Pumping station efficiency study in Italy

The Po Valley is among the most important agricultural areas in Europe, the river is extensively used for irrigation. Annual precipitation over the whole Po River basin is estimated at around 78 km3, about 21% of that is used for irrigation. The Canale Emiliano Romagnolo (CER) is paramount to provide water for civil and agriculture uses in the Romagna Region which sustains 1.2 million habitants and rich farming (fruit and greenhouse) in the northern part of Italy. CER main supply of water is from the Po River, this is pumped by the Palantone station. In that Region, the climate change augmented water needs for irrigation by 20-25% because of increasing evapotranspiration that required the Palantone pumping station enlargement.

New pumping pipes delivering additional 20 m3/s for a total of 70 m3/s from the river to the irrigation network were installed in the Palantone lifting plant. A study is performed on those new pipes to contribute to the efficient use of resources and to support agriculture production of the Region in times of water scarcity.

This efficiency study performed by Prof. Massimo Guerrero from the University of Bologna for CER went on successfully.

Ubertone designed and provided DN125 transducers holders and the measurement instrument: a UB-Lab P velocity profiler with 500kHz transducers. Four holders were integrated by CER in the 1800 mm diameter pipe sections.

The embedded web-interface of the UB-Lab P allowed real-time visualisation, parameter adjustment and recording management.

Each bracket can hold two transducers, oriented with two different angles. The post-processing of the data allowed obtaining average 2C velocity profiles along several diametral lines of the pipe.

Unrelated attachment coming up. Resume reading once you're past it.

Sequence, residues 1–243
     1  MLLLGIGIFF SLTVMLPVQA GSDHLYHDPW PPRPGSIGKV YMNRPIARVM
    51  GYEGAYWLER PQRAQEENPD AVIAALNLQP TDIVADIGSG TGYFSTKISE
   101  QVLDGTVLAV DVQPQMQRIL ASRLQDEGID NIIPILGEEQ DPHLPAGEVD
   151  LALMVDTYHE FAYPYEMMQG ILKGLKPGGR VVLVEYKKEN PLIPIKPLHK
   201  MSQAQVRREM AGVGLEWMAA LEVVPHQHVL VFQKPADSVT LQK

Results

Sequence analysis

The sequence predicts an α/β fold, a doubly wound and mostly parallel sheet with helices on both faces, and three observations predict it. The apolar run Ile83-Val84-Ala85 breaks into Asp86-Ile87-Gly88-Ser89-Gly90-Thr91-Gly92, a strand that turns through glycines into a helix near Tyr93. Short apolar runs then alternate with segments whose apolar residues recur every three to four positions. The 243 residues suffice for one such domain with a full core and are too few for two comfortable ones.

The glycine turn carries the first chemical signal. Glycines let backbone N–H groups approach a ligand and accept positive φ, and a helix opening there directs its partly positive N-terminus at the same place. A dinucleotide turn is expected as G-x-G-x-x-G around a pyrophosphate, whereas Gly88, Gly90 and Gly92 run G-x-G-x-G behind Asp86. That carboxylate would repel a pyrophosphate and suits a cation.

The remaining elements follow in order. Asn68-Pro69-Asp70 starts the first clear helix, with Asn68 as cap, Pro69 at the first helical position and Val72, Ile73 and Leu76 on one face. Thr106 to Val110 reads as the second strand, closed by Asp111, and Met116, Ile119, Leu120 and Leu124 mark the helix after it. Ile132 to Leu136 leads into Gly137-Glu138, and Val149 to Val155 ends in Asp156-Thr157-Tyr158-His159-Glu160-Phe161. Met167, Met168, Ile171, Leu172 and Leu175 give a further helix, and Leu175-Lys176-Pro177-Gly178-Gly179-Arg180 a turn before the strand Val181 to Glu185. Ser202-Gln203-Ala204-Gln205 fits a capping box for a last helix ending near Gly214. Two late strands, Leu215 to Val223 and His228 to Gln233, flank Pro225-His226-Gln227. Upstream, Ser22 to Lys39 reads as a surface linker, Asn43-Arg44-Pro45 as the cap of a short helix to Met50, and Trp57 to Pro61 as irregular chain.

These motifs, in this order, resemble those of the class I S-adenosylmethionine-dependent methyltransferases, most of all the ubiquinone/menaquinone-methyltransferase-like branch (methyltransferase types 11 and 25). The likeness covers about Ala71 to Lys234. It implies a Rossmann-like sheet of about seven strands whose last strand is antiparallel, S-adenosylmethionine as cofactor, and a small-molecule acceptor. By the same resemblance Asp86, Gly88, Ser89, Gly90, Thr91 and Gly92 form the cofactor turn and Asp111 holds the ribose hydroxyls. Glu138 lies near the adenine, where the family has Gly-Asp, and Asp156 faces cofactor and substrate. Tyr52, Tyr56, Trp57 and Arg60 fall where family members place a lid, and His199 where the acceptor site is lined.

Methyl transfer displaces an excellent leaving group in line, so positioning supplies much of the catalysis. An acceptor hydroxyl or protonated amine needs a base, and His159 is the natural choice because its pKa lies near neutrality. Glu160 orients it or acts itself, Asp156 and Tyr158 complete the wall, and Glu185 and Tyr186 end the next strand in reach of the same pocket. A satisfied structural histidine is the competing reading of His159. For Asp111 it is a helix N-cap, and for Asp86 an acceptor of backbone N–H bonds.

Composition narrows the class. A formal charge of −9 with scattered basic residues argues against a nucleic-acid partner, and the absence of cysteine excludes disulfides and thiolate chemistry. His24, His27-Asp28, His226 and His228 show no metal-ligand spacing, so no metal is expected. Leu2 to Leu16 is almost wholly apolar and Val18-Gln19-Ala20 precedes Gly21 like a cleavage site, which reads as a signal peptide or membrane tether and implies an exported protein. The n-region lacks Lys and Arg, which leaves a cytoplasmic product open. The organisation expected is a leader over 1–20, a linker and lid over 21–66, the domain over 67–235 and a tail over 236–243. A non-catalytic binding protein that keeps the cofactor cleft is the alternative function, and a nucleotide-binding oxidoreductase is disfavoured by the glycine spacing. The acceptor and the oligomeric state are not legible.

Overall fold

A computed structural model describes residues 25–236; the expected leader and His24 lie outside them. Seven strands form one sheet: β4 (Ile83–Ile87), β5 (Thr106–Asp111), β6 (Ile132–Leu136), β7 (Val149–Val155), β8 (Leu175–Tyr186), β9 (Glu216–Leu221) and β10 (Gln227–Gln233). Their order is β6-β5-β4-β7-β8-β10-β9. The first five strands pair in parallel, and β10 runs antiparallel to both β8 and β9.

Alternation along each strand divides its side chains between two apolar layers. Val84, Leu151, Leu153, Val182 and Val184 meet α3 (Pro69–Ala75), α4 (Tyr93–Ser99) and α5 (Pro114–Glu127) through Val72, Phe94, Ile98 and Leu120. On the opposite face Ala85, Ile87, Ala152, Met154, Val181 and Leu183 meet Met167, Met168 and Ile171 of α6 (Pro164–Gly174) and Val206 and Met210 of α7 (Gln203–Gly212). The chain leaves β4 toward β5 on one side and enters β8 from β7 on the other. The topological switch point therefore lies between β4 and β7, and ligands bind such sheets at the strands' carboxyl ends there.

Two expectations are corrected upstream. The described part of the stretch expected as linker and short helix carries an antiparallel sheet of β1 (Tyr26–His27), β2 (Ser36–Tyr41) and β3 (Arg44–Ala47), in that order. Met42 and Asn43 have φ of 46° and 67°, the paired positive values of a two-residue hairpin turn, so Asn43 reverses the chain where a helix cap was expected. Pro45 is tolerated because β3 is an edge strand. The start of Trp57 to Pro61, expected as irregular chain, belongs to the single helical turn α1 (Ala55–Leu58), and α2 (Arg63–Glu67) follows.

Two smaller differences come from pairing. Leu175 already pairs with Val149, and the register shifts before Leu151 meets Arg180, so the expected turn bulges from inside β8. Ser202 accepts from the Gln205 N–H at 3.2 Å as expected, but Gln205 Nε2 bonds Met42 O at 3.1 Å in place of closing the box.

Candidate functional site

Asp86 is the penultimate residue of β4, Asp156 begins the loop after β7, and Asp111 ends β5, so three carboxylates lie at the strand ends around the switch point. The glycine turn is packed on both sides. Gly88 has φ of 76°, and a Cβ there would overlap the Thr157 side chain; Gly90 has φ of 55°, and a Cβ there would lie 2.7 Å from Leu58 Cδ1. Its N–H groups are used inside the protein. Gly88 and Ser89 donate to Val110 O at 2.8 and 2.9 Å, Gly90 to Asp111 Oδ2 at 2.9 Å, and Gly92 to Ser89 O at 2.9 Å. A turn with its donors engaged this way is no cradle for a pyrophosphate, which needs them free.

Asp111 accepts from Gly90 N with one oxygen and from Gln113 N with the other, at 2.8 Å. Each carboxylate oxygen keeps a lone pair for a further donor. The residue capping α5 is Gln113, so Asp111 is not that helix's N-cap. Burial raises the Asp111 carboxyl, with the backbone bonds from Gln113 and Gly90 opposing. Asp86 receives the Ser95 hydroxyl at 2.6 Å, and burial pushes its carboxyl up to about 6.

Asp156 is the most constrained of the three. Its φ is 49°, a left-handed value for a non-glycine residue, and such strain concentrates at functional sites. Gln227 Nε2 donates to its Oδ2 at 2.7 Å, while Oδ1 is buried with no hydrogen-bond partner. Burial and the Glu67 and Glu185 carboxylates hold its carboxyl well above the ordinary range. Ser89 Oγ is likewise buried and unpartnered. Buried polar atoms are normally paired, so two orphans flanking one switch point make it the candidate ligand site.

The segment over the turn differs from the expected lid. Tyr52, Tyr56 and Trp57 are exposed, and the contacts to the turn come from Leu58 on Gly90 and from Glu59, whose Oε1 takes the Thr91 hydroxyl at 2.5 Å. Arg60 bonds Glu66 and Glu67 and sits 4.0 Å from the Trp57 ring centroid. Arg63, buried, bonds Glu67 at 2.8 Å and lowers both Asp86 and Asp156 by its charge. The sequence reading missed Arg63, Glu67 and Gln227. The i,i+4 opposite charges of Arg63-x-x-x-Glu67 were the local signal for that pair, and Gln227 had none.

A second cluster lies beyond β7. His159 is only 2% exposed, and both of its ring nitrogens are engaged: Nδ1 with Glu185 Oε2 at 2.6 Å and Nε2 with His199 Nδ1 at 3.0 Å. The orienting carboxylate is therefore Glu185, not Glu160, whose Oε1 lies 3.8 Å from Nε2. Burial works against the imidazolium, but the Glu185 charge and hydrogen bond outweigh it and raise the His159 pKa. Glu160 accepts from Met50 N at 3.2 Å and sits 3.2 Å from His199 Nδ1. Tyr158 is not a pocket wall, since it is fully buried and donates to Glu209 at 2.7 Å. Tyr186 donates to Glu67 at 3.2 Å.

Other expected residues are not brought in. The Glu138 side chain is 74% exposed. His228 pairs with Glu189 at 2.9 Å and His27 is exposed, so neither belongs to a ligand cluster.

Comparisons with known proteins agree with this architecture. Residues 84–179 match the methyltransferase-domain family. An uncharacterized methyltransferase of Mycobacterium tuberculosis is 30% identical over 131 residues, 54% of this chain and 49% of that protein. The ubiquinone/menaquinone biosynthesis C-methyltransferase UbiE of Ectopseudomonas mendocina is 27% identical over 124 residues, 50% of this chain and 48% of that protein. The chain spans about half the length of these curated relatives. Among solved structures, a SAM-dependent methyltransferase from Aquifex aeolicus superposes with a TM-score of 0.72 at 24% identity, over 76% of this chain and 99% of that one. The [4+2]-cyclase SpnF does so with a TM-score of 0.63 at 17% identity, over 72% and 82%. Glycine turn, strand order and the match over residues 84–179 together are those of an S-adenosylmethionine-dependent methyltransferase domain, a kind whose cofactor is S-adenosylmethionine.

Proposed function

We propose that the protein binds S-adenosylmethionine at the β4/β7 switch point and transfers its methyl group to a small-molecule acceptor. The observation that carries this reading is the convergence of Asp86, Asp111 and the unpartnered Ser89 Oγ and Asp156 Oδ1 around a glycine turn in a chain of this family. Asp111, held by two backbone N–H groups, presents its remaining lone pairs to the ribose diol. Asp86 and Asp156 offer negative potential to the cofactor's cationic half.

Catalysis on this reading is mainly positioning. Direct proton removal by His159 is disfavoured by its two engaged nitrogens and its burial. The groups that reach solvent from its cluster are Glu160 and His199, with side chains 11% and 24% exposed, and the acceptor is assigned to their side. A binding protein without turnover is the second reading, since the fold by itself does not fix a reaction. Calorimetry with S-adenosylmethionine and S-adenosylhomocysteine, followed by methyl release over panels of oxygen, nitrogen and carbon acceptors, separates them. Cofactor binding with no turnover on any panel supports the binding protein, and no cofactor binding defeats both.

Assuming steady flow condition, UB-Lab P averaged profiles of Doppler velocities (i.e., projected on the beam axes) were repeated hundreds of times for 3-4 minute intervals and along pipe 4 radial alignments which were 90 degrees spaced at each duct. This provided the entire profiling of flow velocities along pipe 2 perpendicular diameters and assuring a certain overlap at pipe axis. Raw profiles were de-spiked, filtered based on SNR values, de-aliased, time averaged over investigated intervals and finally composed to give the profiles of mean flow velocity components in the pipe axis direction and along the diameter. Turbulent flow profiles (i.e., the logarithmic law) were fitted over not-measured regions close to boundaries. The mean velocity over the pipe cross-section and corresponding flow discharge were finally assessed by the profiles integration over the diameter. Repeated estimations at 90 degrees spaced diameters and the overlapping region at pipe axis gave 2% uncertainty for flow discharge assessment.

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